Hereford & Worcester

Evesham river death father 'loved' children

Gabrielle Grady
Image caption Gabrielle died in hospital three days after being rescued from the submerged vehicle

A man accused of driving his car into a river in a bid to murder his two children has told a jury they were his "world".

Gabrielle Grady, five, who died, spent two hours submerged in the River Avon in Evesham, Worcestershire, on 11 February 2010, the court has heard.

Christopher Grady's then six-year-old son, Ryan, was rescued.

Mr Grady, 42, who denies murder and attempted murder, said he would never harm any of his children.

'Never ever harm'

He told Birmingham Crown Court he had been taking anti-depressant medication prescribed by a doctor "probably for about the last two-and-a-half or three years".

Mr Grady said: "When my car went into the river I didn't even know the river was there.

"I was driving down a field, I was just driving down a field."

He said he was "emotionally unstable" at the time and had been having suicidal thoughts.

He was evicted from his flat in Evesham days before the incident and also had financial worries, the court has been told.

At the start of the defence in his trial, he was asked by his lawyer Timothy Raggatt QC how he felt about Ryan and Gabrielle.

Mr Grady said: "They were my world, I loved them... I had five children and I loved all of my children more than anything in the world. I still do."

Gabrielle died in hospital three days after being rescued from the submerged vehicle. Ryan was rescued by police divers.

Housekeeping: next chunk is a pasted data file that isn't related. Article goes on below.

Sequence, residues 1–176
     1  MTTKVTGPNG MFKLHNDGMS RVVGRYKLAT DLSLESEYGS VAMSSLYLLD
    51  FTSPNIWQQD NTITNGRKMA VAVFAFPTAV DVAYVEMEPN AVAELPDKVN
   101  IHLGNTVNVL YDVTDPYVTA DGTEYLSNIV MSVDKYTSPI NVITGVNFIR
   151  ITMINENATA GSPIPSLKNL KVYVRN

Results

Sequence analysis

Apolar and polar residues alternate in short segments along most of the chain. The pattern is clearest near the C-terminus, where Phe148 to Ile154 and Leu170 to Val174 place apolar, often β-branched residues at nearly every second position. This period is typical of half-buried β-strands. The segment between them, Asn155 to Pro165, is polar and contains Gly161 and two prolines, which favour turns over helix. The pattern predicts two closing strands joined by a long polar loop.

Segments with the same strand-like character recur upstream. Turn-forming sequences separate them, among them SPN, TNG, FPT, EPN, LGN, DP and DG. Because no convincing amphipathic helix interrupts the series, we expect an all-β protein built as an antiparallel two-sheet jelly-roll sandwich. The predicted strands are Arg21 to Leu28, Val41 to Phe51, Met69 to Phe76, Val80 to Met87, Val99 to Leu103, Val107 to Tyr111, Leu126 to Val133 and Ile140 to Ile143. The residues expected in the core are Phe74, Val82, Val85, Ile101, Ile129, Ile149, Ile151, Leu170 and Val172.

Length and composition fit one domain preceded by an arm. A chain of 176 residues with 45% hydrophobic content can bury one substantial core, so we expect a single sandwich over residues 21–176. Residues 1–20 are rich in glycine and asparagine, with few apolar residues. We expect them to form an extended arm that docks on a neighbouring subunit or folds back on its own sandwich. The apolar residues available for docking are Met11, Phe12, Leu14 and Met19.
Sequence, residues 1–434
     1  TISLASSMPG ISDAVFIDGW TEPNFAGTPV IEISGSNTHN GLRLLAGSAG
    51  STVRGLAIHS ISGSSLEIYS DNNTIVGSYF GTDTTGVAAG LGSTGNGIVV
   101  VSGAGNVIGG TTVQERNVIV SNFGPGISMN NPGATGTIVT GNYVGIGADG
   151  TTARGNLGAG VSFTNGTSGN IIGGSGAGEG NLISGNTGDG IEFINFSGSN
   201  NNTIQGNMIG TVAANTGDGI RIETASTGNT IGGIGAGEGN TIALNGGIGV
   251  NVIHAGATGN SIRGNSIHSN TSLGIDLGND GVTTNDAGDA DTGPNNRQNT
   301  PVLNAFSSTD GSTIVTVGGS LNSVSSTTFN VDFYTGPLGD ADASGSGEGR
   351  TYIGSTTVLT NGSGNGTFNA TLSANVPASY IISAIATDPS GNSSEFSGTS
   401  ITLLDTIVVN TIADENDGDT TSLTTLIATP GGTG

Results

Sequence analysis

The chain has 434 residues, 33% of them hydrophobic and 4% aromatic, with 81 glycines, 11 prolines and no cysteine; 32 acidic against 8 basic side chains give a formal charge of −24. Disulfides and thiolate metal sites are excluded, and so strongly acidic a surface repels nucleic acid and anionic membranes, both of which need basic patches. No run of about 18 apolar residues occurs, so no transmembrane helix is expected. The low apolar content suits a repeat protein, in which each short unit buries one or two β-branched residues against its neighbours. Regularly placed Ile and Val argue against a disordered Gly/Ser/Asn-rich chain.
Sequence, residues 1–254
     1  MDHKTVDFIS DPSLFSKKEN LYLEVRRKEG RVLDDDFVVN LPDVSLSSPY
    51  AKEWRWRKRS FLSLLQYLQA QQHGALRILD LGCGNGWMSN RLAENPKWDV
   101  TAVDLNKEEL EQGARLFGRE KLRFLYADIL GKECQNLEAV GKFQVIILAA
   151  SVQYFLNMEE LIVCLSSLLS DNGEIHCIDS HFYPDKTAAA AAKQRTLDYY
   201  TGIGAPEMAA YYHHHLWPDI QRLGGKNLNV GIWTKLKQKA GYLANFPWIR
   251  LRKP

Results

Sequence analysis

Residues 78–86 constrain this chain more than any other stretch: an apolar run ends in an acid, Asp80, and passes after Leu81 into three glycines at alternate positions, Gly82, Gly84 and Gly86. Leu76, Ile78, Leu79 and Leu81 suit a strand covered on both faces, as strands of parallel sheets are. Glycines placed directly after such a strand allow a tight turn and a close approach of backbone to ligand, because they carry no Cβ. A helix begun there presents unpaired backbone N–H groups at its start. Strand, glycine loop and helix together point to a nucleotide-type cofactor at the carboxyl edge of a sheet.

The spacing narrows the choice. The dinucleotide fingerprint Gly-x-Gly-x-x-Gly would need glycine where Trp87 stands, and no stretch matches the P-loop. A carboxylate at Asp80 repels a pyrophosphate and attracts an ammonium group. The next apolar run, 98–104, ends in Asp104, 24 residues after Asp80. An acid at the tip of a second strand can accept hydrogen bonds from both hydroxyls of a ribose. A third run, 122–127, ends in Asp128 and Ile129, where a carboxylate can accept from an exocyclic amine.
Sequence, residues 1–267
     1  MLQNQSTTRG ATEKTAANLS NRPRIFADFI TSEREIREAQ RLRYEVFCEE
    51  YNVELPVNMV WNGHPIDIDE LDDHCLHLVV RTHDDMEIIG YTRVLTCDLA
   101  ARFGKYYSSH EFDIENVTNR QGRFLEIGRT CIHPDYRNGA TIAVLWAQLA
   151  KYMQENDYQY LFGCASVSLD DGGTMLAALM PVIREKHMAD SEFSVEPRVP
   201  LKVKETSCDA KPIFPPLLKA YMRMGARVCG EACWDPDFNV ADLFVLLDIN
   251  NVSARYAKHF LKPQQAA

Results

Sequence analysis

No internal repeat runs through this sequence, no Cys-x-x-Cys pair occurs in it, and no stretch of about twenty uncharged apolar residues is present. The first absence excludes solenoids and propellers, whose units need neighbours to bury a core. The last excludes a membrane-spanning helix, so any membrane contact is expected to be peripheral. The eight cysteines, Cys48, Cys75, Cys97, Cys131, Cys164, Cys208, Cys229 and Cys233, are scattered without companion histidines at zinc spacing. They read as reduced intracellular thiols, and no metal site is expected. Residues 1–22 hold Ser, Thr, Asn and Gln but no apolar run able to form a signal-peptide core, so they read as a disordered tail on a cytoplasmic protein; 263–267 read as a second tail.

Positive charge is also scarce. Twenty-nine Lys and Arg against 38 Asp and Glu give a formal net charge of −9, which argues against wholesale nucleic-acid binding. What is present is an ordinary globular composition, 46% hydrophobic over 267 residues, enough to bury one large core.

Mr Grady said towards the end of 2009 his ex-partner Kim Smith, 37, the mother of Gabrielle and Ryan, was "trying to stop me seeing the kids completely".

'Couldn't find her'

Mr Grady, who also has three children from a previous relationship, said: "I just didn't really want to live. But I did."

He told the court he could remember little about how he ended up in the river.

Image caption The car was pulled out of the River Avon

Mr Grady said: "There was a big bang. The bang was the car... landing flat onto the river.

"I turned round to Gabby and said, 'what... have I done?'

"Ryan turned round and he said, 'something really bad dad."'

Mr Grady, who sobbed and covered his face with his hands, said: "It wouldn't matter how depressed, however I felt, I would never ever harm any of my children, never."

Asked by Mr Raggatt whether he had intended to harm Gabby, he said: "No, the closest I got to hurting Gabby was taking head lice out of her hair."

He added: "I tried to save Gabby but I couldn't find her."

He said he and Ryan had been in the boot space of the silver Vauxhall Vectra car as it started to sink but he could not find his daughter, who had been in the front passenger seat.

He told his son he had to go and find Gabby, he said.

"I thought I was looking everywhere, I did look everywhere.

"I'm underwater with my eyes open. I could feel the steering wheel... I grabbed the pedals. I looked everywhere."

'Stronger than sorry'

He said he "went down" to find Gabby "about five times" but could see little more than "brown blobs" in the murky water.

"I couldn't even see my hand in front of my face," he said.

He told the court he accepted he was "totally to blame" for Gabby's death but considered the tragedy "an accident" because he had not intended to kill her.

"I have spent the last 12 months trying to think of a word stronger than sorry and I just can't find one," he said.

Describing his state of mind before the incident he told the court he had stopped seeing friends and worked in a workshop with the doors locked.

He said: "I did think I had lost everything...I had thoughts of suicide. I did have thoughts for probably a month."

He added: "I had stopped going out, I didn't even like going down the shop. I just tried to stay away from everybody.

"I was just basically hiding away from the whole world."

Giving evidence to the court last week, Miss Smith said Mr Grady had warned her she had 10 seconds to "say goodbye" to their children before driving away, calling out the word "river".

The trial continues.

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